The Madison Finance Committee voted in September to refer their decision on funding the Reindahl Imagination Center, a proposed new library that will fill a gap in civil resources and expand play-based learning programs.
But few residents know what the Reindahl Imagination Center is or why it’s being built.
The Reindahl Imagination Center would be located in the Reindahl Park on the east side and include a library, a community center and spaces for other city, county and state agencies.
Additionally, the center would provide civic resources and a place for learning and collaboration. It would serve as Sandburg Elementary’s public library, the only school in the Madison Metropolitan School District without a companion facility.
Mayor Satya Rhodes-Conway included the $16.6 million project on the Horizon List of the 2020 Executive Capital Budget, a new system she created to track various projects that need more planning before the city can properly fund them.
The plans for a new library on the east side have been in development for almost five years, though the Imagination Center is a new, added aspect of that same plan.
In 2015, the Madison Public Library reached out to see what the community wanted for its library. In 2016, the library released a report with a plan for a northeast side "Imagination Center," which would include the same services as the currently proposed project.
Ald. Samba Baldeh, District 17, created a poll on his blog urging Madison residents to reply with their own ideas for what the center should be.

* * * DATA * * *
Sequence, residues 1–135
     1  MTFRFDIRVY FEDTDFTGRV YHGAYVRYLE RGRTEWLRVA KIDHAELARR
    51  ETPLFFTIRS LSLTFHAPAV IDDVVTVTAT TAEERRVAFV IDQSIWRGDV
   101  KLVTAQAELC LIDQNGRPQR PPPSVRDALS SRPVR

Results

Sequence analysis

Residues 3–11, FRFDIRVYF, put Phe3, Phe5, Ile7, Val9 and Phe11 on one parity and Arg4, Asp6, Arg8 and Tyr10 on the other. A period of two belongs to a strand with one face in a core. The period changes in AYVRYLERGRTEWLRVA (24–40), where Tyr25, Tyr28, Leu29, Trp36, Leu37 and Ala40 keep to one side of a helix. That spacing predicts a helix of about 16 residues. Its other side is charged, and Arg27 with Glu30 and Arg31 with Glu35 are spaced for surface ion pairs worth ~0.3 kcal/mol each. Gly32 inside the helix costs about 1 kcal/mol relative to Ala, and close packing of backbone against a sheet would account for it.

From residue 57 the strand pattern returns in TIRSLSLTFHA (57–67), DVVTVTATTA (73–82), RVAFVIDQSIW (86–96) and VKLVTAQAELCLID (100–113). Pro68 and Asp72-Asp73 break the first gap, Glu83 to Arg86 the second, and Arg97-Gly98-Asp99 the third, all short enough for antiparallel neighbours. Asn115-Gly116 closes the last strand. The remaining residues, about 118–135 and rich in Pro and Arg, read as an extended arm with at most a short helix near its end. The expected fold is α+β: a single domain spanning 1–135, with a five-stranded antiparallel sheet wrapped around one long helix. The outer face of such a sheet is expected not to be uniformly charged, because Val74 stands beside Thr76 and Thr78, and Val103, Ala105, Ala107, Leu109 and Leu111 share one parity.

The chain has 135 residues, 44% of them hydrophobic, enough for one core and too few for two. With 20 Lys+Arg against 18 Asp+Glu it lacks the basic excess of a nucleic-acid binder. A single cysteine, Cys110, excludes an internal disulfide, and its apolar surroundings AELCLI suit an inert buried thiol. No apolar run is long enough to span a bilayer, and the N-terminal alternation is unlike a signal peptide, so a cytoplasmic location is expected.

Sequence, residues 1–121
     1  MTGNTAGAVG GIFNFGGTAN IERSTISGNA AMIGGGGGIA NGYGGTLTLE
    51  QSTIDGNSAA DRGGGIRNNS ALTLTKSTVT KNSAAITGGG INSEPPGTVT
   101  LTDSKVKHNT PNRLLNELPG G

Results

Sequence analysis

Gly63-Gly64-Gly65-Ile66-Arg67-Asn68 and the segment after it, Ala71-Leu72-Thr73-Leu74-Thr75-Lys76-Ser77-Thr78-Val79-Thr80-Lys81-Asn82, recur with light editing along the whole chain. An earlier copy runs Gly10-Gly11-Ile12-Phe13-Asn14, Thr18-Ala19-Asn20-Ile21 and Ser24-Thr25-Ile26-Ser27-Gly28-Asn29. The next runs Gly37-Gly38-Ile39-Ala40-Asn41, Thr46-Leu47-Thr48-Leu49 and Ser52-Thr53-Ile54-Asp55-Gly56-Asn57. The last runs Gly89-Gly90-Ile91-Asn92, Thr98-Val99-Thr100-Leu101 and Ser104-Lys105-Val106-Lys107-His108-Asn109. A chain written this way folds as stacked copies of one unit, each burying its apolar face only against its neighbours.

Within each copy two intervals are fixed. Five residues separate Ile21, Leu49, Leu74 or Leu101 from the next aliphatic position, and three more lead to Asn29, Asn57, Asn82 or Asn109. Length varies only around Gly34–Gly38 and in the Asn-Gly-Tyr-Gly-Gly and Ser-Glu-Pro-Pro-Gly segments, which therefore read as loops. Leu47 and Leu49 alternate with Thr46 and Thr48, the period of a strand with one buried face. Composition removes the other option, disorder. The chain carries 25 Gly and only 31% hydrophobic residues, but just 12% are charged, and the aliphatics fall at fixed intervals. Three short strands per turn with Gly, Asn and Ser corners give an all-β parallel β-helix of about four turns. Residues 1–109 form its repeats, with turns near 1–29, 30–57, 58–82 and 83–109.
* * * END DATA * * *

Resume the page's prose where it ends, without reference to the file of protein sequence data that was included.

The post generated an underwhelming fifteen responses, including comments such as “no,” “idk,” “I see no need for an imagination ctr” and “Don't know what the Imagination Center is.”
Another anonymous user responded more directly to the Alder’s question.
“You had better do something to tell more of us what the ‘Imagination Center’ is,” they wrote. “I tend to pay attention to what is going on around here, however, I don't know [anything] about your Imagination Center.”
While the Madison Public Library claimed to have conducted meetings and community outreach to inform the public on the project, many residents have not heard of its recent plans.
At the September Finance Committee meeting addressing amendments to the 2020 executive budget, attendee John Becker spoke in opposition to an amendment that would fund the Reindahl Imagination Center.
“Today, I found out from our Alder at four o’clock that these amendments were coming forward,” Becker stated. “There [are] no regular neighborhood meetings, so what’s coming before you today nobody knows about.”
Becker explained to the committee that the public had no say in deciding the location for the center.
He also noted that a different parcel of land near Reindahl Park would be “more appropriate” for a library, instead of the public park itself. He added that a library would take away from an already limited amount of green space.
Ald. Baldeh and Ald. Harrington-McKinney, District 1, still pushed for the addition of the Reindahl Imagination Center to the 2020 budget.
“When you’re talking about the Imagination Center, what I see is the possibility of creating space on the east side,” Harrington-McKinney said. “There is a beautiful space over there and something should be there. There is a good-faith effort that has been going on since 2010 and [we’re] telling residents that ‘It’s coming. It’s coming.’ When is it coming?”
Ald. Baldeh agreed the plan for the center should be approved.
“If we are talking about equity and fairness and access to services in the city, this is project number one that we should finance,” he said.
For now, funding for the project is undecided. Mayor Rhodes-Conway said the Imagination Center will be reevaluated in the future.
The Finance Committee will decide on the specifics of the project’s finances on Nov. 12.